BP's 52-page exploration plan for the Deepwater Horizon well, filed with the federal Minerals Management Service, says repeatedly that it was "unlikely that an accidental surface or subsurface oil spill would occur from the proposed activities."
And while the company conceded that a spill would impact beaches, wildlife refuges and wilderness areas, it argued that "due to the distance to shore (48 miles) and the response capabilities that would be implemented, no significant adverse impacts are expected."
Robert Wiygul, an Ocean Springs, Miss.-based environmental lawyer and board member for the Gulf Restoration Network, said he doesn't see anything in the document that suggests BP addressed the kind of technology needed to control a spill at that depth of water.
"The point is, if you're going to be drilling in 5,000 feet of water for oil, you should have the ability to control what you're doing," he said.
A White House as politically attuned as this one should have been conscious of two obvious historical lessons. One was the Exxon Valdez, where a late and lame response by both industry and the federal government all but destroyed one of the country’s richest fishing grounds and ended up costing billions of dollars. The other was President George W. Bush’s hapless response to Hurricane Katrina.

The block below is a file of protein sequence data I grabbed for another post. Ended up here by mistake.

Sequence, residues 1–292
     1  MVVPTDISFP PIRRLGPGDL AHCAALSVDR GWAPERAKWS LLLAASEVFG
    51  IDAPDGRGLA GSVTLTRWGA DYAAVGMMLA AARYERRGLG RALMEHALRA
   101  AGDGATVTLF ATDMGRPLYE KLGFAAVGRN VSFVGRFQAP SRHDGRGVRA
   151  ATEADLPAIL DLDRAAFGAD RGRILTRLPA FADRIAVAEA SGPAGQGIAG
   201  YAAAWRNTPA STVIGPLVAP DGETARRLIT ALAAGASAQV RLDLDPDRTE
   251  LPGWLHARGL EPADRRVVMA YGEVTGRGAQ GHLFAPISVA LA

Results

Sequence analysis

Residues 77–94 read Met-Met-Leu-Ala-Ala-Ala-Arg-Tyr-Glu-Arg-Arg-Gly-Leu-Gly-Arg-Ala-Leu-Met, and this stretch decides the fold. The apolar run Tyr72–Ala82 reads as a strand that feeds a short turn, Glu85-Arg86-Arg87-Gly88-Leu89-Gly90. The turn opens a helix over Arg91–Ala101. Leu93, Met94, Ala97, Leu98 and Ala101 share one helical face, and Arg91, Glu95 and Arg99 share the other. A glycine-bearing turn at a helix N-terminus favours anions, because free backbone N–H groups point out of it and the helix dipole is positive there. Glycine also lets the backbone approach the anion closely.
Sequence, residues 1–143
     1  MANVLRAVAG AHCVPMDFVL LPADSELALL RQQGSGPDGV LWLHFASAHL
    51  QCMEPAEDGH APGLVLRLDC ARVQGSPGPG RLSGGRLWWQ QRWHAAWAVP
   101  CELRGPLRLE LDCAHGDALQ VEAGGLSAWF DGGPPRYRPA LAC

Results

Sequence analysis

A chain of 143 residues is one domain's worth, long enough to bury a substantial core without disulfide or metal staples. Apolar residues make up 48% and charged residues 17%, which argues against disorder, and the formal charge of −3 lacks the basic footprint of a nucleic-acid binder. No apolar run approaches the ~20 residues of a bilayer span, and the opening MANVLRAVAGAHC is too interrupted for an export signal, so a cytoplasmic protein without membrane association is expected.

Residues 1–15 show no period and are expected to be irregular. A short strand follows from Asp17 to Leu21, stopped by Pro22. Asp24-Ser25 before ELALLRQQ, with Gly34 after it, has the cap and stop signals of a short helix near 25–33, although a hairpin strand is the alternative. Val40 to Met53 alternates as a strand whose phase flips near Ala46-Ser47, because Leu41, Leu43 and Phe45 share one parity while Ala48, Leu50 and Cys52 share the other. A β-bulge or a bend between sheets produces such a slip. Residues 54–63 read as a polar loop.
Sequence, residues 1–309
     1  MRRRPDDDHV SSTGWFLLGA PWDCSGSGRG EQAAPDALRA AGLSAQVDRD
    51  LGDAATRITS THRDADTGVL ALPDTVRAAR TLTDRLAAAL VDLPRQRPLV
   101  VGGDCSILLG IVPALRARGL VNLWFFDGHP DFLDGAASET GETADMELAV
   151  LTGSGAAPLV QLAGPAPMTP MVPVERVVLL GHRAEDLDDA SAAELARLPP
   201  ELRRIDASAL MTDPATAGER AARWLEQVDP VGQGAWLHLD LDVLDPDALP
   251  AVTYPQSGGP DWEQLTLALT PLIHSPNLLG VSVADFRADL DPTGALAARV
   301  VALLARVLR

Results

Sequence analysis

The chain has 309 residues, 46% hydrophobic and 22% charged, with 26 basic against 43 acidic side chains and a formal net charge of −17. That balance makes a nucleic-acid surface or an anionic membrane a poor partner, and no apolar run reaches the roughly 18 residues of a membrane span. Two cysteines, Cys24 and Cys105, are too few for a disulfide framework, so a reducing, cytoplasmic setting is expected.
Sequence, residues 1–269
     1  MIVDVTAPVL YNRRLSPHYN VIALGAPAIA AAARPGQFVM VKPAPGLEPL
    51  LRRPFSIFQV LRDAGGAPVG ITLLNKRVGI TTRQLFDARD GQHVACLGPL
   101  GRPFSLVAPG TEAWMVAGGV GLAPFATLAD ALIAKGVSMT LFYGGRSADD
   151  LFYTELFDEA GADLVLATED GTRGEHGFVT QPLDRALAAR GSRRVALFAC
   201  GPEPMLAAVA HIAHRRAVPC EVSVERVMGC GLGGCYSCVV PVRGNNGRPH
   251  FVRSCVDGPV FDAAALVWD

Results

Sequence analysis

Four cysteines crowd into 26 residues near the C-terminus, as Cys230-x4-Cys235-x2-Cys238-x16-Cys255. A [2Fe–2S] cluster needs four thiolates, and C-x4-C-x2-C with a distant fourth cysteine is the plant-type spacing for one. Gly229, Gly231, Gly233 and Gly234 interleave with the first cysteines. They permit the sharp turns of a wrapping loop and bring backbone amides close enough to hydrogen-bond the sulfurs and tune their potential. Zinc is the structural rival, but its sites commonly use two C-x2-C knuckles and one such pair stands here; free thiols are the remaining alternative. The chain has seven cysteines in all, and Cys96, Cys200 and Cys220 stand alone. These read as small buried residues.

Now we have another disaster in more or less the same neck of the woods, and it takes the administration more than a week to really get moving.
WASHINGTON " Suddenly, everything changed.
By CALVIN WOODWARD
For days, as an oil spill spread in the Gulf of Mexico, BP assured the government the plume was manageable, not catastrophic. Federal authorities were content to let the company handle the mess while keeping an eye on the operation.
But then government scientists realized the leak was five times larger than they had been led to believe, and days of lulling statistics and reassuring words gave way Thursday to an all-hands-on-deck emergency response. Now questions are sure to be raised about a self-policing system that trusted a commercial operator to take care of its own mishap even as it grew into a menace imperiling Gulf Coast nature and livelihoods from Florida to Texas
Now questions are sure to be raised about a self-policing system that trusted a commercial operator to take care of its own mishap even as it grew into a menace imperiling Gulf Coast nature and livelihoods from Florida to Texas
It was the USGS engineers and The guys from Homeland Security who first blew the whistle to question whether BP's estimate of 1000b/d was an accurate measure.
When it was shown to be that BP was all wet, the govt took over. but still let BP try to stem flows at the well head.
Oil spill is BP's wake-up call
guardian.co.uk, Friday 30 April 2010 15.03 BST
As more oil drifts towards the Mississippi delta, we must hope that BP questions its future dependence on fossil fuels
Oil from the Deepwater Horizon rig explosion has reached the US coast. Photograph: Liz Condo/AP